Energy equipment can also exhibit qualitative changes over time that lead to higher efficiency of conversion without increasing unit cost in proportion. For example, bigger wind energy converters do not usually cost more in proportion as they grow larger, but their specific (marginal) cost per megawatt of capacity decreases. In addition, the efficiency of fuel use typically increases with changes in quality and size of the generator, so that the specific cost of the energy service goes down even more.
Efficiency changes can be taken into account in experience curves, but only if the delivered energy service (e. g., the kilowatt-hours of electricity) are the measure of experience as well as the unit for which costs are considered. Just like in the case of diseconomies of scale, equipment might evolve into an application suited for specific niche markets and, as a result of these qualitative changes, specific costs might be higher in later stages of technology diffusion.
A fourth reason for the reduction of cost with increasing maturity of a technology is the standardization that a successful technology will undergo during its diffusion from niche markets into general markets. Standardization drives down overhead and compatibility costs. A logistic rather than exponential curve seems to be the appropriate representation of this phenomenon.
All phenomena discussed so far might not have any effect on unit cost of production or on prices of the technology if the market structure is not sufficiently competitive. Not only might monopolists and oligopolists be able to charge prices that are far higher than the costs of developing, producing, and distributing a product or technology, but a noncompetitive market structure also relieves market participants from the pressure to improve products and production processes. Thus, learning and efficiency gains might be realized more slowly than in competitive situations. Other market conditions, such as the maturity of the market on the demand side and the opportunity of spillover effects, might affect the speed of learning and improvements of the industry standard in economic or technological terms and, thereby, have indirect effects on the cost reduction over time.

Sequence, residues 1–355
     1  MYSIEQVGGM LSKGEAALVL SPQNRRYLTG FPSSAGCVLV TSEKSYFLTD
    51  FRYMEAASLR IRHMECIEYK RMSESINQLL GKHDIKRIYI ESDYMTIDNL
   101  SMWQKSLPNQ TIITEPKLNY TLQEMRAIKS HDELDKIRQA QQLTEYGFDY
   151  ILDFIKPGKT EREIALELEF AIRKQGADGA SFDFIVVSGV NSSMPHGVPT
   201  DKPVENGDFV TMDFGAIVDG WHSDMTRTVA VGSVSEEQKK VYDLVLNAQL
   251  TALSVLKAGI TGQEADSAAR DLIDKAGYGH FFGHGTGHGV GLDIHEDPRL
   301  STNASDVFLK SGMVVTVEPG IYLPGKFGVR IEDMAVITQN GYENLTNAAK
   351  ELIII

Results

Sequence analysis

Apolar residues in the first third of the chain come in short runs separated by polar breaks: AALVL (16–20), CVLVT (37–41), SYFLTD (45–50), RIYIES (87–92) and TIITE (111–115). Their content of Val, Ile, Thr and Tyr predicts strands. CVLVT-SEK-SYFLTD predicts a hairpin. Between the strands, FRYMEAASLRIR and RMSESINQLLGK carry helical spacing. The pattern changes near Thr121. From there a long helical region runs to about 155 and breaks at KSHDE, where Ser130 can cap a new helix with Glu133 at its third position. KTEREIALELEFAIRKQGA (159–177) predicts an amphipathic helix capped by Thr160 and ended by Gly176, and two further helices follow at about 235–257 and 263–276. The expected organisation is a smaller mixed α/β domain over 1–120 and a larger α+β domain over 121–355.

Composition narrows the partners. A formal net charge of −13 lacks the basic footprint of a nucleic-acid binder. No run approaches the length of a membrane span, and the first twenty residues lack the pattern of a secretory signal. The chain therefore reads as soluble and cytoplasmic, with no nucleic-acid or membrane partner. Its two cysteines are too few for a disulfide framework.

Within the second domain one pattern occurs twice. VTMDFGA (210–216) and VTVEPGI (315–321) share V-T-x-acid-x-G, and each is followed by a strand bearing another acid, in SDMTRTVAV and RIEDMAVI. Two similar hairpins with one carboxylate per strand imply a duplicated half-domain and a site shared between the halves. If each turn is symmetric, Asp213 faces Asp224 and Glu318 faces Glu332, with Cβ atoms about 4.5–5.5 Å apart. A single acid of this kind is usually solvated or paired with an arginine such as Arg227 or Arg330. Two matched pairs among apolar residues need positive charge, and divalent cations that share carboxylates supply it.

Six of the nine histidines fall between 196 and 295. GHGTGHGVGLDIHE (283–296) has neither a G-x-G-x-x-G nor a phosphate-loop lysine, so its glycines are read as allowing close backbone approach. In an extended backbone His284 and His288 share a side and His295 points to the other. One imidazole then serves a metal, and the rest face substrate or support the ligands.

In addition, the market situation in input factor markets (e. g., labor, materials) can play an important role in both improving and reducing cost reduction and experience effects. However, in an abstract and very general model of cost reduction with increased experience, it is very hard to account for these effects.